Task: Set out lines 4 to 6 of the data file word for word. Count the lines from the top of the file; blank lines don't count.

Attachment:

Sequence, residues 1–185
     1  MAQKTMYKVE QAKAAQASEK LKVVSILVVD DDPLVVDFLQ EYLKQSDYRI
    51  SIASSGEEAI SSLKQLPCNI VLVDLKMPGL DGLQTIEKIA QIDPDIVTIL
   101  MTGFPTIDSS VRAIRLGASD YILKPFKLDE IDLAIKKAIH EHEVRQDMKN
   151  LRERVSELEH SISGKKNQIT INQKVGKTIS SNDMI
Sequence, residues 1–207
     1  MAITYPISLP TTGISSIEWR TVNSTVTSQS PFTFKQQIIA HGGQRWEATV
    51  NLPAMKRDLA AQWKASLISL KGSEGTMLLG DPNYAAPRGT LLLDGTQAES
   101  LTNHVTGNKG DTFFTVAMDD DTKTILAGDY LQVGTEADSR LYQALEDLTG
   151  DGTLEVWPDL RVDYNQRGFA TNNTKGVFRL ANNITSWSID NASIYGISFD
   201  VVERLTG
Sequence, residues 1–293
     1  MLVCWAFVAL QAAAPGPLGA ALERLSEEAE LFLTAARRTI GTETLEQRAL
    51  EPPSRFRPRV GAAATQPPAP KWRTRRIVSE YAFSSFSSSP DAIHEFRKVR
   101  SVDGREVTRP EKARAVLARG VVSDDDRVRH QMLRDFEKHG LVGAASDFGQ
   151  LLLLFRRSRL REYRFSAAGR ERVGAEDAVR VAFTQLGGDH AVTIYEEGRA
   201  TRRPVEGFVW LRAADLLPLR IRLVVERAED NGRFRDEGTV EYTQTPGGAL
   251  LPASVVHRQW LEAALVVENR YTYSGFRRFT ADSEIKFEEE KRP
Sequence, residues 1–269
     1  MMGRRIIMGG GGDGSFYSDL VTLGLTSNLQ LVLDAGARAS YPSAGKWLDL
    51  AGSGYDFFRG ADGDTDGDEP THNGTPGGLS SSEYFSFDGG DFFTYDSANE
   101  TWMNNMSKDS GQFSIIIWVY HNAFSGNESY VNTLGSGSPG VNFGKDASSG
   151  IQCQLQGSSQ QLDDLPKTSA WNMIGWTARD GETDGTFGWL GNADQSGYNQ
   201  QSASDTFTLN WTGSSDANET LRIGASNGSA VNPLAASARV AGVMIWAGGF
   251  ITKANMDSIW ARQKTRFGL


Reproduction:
   101  MTGFPTIDSS VRAIRLGASD YILKPFKLDE IDLAIKKAIH EHEVRQDMKN
   151  LRERVSELEH SISGKKNQIT INQKVGKTIS SNDMI
Sequence, residues 1–207